A discussion of all the Beatle albums

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Postby Beatle Bob » Fri May 14, 2010 4:48 pm

REVIEW: THE BEATLES MONO MASTERS –mono mixes in stereo (Mirror Spock) –Released April, 2010

By Beatle Bob

A must welcomed surprise from Mirror Spock arrived a few weeks ago, THE BEATLES MONO MASTERS – (mono mixes in stereo) and I must say this has been one of the most delightful remix CDs that I’ve had the privilege of cranking up on the stereo. Headphones do not do these discs justice. As with the original mono mixes he worked from, these remixes have more snap and punch; more so than the true stereo counterparts from EMI. The remixes bring out subtleties buried in the mono mixes or enhance the bass, drums and rhythm guitars. There is actually more clarity in some of these remixes than I ever expected to hear. It’s like a breath of fresh air and honestly, I’m amazed at what can be done by a non-professional outside of a studio environment. I know Mirror Spock has been working on perfecting these for quite some time now. I think the wait was worth it. Are they perfect? Most are. Some tracks do exhibit artifacts, but I believe it’s mostly unavoidable. The Beatles original recordings were never perfect anyhow.

I have no idea if anything but the mono recordings were used but they certainly match up with the original mono mixes in terms of where oddities come into play or where they contained noticeable differences vs the original stereo mixes. There is nice stereo separation. It feels natural and not contrived. Obvious care was taken to make these remixes as palatable as possible. As noted by some collector’s, “She Loves You” seems a bit problematic, but I never liked the way the backing track comes off on this studio recording. It always sounded cluttered to me. It’s certainly played to get attention. I think it gets enhanced in this mix. Songs on the first disc like “I Call Your Name”, where in original mono the cowbell seems to jump out of your speakers--now it jumps off them but in stereo. The cowbell in the original stereo mix never felt this distinct. “I’m Down”, John’s guitar comes alive. The power of this song will knock you out. On the 2nd disc Ringo’s drumming on “Rain” is more pronounced and forceful. When the bass drum kicks in on “Lady Madonna” you’re literally knocked off your seat. “The Inner Light” never sounded so appealing before. A few of the later tracks, such as “Revolution”, “It’s All Too Much”, “Across the Universe” seem a bit harsh. These later period recordings are denser. I guess this makes it more difficult to make it free of artifacts. The bonus tracks on each disc are centered vocals and for disc #2, Mirror Spock centered the guitar on “Revolution”. I like it. It makes a powerfully recorded song that much more powerful.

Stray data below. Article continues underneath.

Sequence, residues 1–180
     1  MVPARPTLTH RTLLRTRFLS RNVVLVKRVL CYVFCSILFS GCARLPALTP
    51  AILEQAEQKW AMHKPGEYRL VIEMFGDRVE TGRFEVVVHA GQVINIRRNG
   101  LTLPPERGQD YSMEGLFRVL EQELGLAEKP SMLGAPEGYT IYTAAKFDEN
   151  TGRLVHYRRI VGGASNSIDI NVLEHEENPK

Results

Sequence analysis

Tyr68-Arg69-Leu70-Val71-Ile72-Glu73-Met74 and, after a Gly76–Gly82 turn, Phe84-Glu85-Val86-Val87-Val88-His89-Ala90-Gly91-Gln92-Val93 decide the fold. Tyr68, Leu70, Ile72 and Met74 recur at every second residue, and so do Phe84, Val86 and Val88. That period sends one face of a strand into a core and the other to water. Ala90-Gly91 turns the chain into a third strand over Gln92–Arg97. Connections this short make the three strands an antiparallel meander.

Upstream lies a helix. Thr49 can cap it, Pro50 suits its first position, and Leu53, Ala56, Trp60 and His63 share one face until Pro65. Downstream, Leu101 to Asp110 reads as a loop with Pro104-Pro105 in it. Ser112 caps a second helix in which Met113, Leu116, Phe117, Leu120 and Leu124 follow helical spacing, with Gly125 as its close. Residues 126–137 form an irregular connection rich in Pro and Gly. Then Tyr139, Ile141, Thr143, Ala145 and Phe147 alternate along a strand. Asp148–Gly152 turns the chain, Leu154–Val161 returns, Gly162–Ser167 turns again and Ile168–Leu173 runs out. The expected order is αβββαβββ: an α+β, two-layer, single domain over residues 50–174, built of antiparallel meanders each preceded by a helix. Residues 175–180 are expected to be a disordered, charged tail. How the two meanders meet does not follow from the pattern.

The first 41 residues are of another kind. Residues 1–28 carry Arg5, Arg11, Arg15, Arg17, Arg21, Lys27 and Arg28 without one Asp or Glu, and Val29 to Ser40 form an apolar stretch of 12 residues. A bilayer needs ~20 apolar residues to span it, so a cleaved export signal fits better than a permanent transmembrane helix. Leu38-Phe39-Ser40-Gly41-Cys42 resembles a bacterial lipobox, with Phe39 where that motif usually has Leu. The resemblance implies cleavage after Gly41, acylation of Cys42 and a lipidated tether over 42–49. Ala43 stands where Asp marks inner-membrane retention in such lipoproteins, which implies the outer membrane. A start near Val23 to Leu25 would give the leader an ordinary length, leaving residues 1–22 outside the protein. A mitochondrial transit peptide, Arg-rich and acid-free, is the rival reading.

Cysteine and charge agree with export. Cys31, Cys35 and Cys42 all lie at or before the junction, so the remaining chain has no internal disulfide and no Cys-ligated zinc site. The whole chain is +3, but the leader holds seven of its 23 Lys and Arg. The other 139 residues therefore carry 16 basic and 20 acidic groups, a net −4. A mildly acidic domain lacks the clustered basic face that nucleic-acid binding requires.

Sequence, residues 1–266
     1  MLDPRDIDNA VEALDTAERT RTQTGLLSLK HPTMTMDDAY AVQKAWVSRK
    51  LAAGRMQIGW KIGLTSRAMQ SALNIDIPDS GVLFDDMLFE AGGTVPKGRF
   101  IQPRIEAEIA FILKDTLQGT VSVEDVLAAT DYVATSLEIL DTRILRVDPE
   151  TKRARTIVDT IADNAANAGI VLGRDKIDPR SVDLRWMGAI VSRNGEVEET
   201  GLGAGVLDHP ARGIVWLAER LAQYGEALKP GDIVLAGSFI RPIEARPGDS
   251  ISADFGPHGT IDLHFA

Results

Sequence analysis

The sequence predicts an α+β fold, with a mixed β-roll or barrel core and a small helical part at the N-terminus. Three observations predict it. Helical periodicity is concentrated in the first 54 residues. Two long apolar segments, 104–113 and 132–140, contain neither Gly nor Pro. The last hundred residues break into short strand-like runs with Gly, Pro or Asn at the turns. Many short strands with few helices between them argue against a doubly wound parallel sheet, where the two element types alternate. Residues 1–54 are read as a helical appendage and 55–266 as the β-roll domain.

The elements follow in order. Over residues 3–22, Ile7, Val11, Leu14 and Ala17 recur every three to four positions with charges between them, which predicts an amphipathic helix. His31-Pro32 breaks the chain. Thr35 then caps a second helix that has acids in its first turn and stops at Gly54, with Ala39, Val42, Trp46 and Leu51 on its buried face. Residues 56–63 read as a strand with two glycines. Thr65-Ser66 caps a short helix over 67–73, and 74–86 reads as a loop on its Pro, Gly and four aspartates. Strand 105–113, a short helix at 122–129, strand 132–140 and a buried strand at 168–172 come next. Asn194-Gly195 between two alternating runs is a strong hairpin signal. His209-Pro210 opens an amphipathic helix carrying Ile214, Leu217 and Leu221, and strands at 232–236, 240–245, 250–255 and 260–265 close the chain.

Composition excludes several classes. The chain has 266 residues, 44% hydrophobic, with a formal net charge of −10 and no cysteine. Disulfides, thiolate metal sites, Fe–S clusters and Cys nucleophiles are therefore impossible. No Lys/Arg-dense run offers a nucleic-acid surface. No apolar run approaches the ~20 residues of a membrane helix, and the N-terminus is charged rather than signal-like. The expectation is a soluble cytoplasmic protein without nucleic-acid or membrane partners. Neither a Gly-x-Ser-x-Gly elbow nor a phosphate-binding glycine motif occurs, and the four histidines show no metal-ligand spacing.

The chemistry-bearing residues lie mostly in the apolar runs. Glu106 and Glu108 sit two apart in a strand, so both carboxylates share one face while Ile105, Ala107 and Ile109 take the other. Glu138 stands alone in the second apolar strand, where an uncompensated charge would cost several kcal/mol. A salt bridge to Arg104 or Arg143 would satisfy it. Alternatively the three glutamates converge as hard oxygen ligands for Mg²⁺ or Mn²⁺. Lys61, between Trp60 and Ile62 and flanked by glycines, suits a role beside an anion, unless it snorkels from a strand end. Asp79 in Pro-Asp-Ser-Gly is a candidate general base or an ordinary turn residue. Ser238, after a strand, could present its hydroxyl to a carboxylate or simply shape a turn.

There are two additional discs in this series by Mirror Spock, A HARD DAY’S NIGHT and SGT. PEPPER’S LONELY HEARTS CLUB BAND. I’ve only given them curiosity spins so far. They appear to be just as well executed.

Overall this is a commendable remixing effort by Mirror Spock. It must not have been an easy remixing job working from mono recordings -- and I’d never be one to explain how it was done even after someone explains it to me!

I think his effort paid off and is worth seeking out.

Beatle Bob
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